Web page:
Trainer Mistake 1 - No Transfer Strategy

By Bill Wilder, the Life Cycle Institute

Many subject matter experts and managers are asked or required to deliver training. Most have little training experience so they make mistakes. At the 2015 Association for Talent Development conference Bob Pike, a widely respected learning authority, presented The 7 Greatest Mistakes Trainers Make and How to Avoid Them.

  1. No transfer strategy
  2. Too much content
  3. Failure to chunk content
  4. Poor use of evaluations
  5. Managing questions in the classroom
  6. Lack of planned and impromptu closers, openers, revisits, and energizers
  7. Not available before and after formal class

Over the next few emails I will describe these mistakes and offer ways to avoid them.

The number one mistake is no transfer strategy. This means that we simply send people to a class without any specific goals and/or application expectations. We hope that what is taught in the training program is applied in the workplace. Decades of learning research suggests that we are lucky to get 20% of the knowledge applied when there is no transfer strategy. There are many transfer strategies that can be applied including communications, SMART goals, metrics, visual management, dashboards, performance management, and compensation.

Bob uses moments of truth to illustrate his point. A moment of truth is a contact between people during which an impression or expectation is formed. There are 9 significant moments of truth in a learning experience. These moments involve the participant, their manager and the facilitator before, during and after training.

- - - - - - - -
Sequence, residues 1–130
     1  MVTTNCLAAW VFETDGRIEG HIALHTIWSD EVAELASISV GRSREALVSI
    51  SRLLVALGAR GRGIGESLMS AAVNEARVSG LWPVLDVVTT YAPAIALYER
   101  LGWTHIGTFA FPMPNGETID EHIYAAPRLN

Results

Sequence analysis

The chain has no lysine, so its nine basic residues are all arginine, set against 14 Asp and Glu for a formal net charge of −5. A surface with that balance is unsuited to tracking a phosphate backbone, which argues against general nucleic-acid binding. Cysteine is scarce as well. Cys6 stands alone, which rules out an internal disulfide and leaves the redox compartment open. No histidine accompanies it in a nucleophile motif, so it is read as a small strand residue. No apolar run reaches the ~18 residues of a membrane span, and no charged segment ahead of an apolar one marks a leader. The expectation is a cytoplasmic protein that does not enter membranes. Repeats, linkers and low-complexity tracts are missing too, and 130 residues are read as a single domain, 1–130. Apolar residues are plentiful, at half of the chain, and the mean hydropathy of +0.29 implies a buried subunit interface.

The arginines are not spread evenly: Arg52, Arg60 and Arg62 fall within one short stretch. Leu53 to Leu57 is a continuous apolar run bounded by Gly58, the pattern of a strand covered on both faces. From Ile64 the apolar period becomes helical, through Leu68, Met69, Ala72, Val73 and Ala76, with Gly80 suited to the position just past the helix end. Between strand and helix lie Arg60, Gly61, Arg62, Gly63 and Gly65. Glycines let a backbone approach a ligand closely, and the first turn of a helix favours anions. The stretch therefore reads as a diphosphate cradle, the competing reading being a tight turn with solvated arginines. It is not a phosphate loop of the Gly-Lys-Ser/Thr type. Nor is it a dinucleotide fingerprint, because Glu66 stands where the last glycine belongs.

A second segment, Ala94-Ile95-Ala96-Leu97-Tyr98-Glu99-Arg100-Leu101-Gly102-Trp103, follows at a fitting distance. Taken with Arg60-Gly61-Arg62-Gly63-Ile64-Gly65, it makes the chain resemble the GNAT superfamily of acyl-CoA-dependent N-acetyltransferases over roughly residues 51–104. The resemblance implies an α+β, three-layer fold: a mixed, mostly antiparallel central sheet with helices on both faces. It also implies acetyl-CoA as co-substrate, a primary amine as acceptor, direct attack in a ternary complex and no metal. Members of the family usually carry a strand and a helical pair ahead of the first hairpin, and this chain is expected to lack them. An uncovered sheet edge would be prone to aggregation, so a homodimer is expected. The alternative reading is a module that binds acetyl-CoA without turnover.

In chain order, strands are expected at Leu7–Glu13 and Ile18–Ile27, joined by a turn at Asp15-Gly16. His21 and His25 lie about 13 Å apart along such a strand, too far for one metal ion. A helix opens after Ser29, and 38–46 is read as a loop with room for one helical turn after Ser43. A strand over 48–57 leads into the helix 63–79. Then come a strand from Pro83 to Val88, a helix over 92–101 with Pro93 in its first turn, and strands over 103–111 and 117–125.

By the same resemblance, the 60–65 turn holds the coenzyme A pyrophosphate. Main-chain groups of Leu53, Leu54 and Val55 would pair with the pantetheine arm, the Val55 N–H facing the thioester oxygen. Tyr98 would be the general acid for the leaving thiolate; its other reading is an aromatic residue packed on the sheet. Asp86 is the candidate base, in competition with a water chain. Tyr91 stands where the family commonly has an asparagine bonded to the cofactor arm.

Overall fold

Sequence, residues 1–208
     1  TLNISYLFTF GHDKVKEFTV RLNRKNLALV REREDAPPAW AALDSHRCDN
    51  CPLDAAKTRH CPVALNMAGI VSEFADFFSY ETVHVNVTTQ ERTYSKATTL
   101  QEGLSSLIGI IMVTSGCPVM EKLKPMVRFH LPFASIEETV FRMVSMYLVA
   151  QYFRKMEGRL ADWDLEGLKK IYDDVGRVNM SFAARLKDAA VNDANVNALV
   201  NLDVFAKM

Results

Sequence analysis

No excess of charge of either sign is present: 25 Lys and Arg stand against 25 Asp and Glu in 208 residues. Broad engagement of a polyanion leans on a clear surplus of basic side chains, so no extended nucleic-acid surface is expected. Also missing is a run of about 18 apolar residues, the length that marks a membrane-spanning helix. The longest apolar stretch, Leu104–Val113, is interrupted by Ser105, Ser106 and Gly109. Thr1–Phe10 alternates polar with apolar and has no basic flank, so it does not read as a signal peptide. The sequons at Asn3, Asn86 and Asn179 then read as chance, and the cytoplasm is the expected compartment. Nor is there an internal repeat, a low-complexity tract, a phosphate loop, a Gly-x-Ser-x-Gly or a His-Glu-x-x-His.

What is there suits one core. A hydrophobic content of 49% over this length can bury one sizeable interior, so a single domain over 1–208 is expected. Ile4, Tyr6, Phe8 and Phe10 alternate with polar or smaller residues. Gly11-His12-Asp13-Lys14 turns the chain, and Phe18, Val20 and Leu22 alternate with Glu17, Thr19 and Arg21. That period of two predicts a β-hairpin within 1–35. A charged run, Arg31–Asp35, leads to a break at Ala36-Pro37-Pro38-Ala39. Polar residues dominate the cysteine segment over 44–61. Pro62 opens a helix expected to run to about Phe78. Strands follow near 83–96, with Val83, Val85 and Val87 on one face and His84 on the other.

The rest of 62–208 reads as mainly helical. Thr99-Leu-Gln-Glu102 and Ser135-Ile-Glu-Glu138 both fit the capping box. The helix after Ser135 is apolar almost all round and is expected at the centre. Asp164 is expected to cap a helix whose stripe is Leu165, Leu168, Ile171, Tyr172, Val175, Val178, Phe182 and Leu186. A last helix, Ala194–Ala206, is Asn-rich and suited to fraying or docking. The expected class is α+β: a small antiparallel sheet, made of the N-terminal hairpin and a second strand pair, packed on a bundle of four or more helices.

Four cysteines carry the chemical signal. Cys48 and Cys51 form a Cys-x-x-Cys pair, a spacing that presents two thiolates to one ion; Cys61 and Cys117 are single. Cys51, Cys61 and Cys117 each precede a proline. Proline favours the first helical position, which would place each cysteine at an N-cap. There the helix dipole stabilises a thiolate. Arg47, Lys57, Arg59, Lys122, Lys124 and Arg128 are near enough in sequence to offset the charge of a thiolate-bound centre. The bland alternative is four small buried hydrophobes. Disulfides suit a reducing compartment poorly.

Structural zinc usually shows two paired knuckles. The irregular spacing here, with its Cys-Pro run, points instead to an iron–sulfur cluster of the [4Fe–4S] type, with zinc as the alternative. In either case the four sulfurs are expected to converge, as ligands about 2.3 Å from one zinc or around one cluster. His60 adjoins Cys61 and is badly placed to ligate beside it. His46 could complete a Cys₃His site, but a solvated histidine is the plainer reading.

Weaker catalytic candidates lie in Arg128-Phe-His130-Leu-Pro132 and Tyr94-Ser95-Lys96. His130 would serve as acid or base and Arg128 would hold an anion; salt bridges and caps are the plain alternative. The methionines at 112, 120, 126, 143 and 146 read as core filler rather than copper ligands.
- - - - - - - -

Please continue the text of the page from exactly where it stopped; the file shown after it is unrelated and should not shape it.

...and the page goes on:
ROLE

Before Training

During Training

After Training

Manager

1

4

7

Participant

2

5

8

Facilitator

3

6

9

Which moment of truth has the most impact on the results a participant produces from the learning investment? Most trainers believe it is number 6 – the facilitator during the class.

Bob Pike tells us that it is not.

There are 3 other moments of truth that have more impact on results. First is number 1 – the manager before training. This is the alignment phase of the learning process. It is when the manager shows support and sets clear application expectations. Failure to proactively plan this interaction leads to participants showing up for training who do not want to be in the training and/or have no idea why they are there. We leave it up to them to decide what, if anything they will do with the training. The manager has more impact on what is actually applied in the workplace than the facilitator or participant. Any of the previously mentioned transfer strategies can be applied, but for optimum results the manager should begin the application before the learning event.

Nine Learning Moments of Truth and the Top Four in Impact

ROLE

Before Training

During Training

After Training

Manager

1 First

4

7 Third

Participant

2 Second

5 Fourth

8

Facilitator

3

6

9

The next time you train or send someone to training, what will you do to manage the first moment of truth, to document a specific intended outcome?

Bill Wilder, M.Ed is the founder and director of the Life Cycle Institute, the learning, leadership and change management practice at Life Cycle Engineering. The Institute integrates the science of learning and the science of change management to help organizations produce results through behavior change. You can reach Bill at [email protected].

© Life Cycle Engineering 

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